anapaest


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Related to anapaest: anapest
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Synonyms for anapaest

a metrical unit with unstressed-unstressed-stressed syllables

References in periodicals archive ?
Which is imitative as usual--an anapaest followed by a trochee, a dactyl, and a syllable" (Letters, p.
After her chanted anapaests (1562-76), Clytemnestra
(15) Cedric Watts commented on the words I have italicized: "the calm sunset is described epically and sonorously, the phrases rolling into anapaests," see Watts (1977), 39.
In the first stanza, after two anapaests at lines 2-3, two amphibrachs (lines 4-5), the lines of the child, are interrupted by a choriamb (line 6), which serves to install the amphimacers of the worn dressing-gown (lines 7 and 9).
These essentials - levels of stress, tetrameters, feet (iambs to anapaests) - are concisely dealt with in Chapter 1.
Some readers may not find them entirely enjoyable; still, it would take a pedant with a heart of flint to resist such touches as the description of anapaests in narrative verse showing 'all the unwelcome energy and boisterousness of hyperactive children' (121).
(6) The so-called Kongruenz-Gesetz in anapaests is based on the ancient metricians; cf e.g.
(32.) Oceanus' entry is accompanied by 14 lines of anapaests (284-97) to which Prometheus responds with an initial exclamation of surprise.
It is therefore strange that the rare occurrences of triple time have been bowdlerized into dactyls and anapaests, following the theories of Michael Collins.
(19) He finds weak only the metrics of the poem, which he called "false and inadmissible" anapaests in 1845 and "false dactyls" in September 1846.
When he set refined English words to Irish music, did Moore "transform his country's political aspirations into lilting anapaests," as Tom Paulin claims?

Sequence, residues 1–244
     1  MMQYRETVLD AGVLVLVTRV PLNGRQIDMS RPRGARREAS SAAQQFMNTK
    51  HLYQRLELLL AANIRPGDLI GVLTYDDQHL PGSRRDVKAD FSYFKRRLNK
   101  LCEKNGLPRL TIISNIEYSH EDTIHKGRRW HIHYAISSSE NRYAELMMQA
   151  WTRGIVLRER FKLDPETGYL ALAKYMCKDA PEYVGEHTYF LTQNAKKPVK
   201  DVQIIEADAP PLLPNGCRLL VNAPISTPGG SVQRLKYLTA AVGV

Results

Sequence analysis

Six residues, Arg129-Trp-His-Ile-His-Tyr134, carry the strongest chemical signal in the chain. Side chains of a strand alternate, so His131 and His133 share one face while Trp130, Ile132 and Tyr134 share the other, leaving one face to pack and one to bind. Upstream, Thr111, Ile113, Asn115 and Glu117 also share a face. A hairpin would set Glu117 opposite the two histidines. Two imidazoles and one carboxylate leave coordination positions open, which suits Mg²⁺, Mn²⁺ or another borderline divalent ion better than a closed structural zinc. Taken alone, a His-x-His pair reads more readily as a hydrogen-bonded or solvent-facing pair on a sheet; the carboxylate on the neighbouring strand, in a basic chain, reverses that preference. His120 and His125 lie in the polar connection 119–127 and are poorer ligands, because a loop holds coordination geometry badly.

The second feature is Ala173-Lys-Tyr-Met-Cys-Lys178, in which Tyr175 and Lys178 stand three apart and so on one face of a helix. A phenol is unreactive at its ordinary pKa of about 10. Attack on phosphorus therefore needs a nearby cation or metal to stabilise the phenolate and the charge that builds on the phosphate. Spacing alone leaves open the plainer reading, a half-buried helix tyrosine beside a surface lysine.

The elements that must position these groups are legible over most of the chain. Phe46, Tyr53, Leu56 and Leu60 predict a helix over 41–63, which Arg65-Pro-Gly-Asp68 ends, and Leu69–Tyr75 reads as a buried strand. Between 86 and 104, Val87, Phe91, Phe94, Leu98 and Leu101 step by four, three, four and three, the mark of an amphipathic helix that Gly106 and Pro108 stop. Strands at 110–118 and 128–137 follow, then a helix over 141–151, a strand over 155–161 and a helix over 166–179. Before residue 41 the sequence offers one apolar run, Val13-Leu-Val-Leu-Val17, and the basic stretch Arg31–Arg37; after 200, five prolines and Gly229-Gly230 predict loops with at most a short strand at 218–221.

In point of fact, this is the only extant Euripidean play to conclude in lyric meter rather than in one of three meters reserved in Greek tragedy for dialogue or recitative (iambic trimeter, trochaic tetrameter, and "marching" anapaests).
In the beginning of The Persians, the meter increases in tempo and intricacy within the first choral song from marching anapaests, a kind of deliberate and slow-paced recitative, ("of the Persians who've gone" v v - v v -),(17) through more melodic ionic meters, ("Persian city now is destroyed" v v - -v v - -)), to faster-moving trochaics ("blackened robe of mine" - v -v -).
After the trochaic beginning, line four consists of three anapaests, strongly linked by rhyme to line two.
The answer that it was O metaphysical tobacco' from Michael East's Second Set of Madrigals (1606) is debatable; can it really `be seen that it conforms in every respect to the "rules" of the limerick'?(1) Compared with `There was a young lady of Wilts' it seems seriously short on anapaests. The answer depends not only on more research but also on better theory.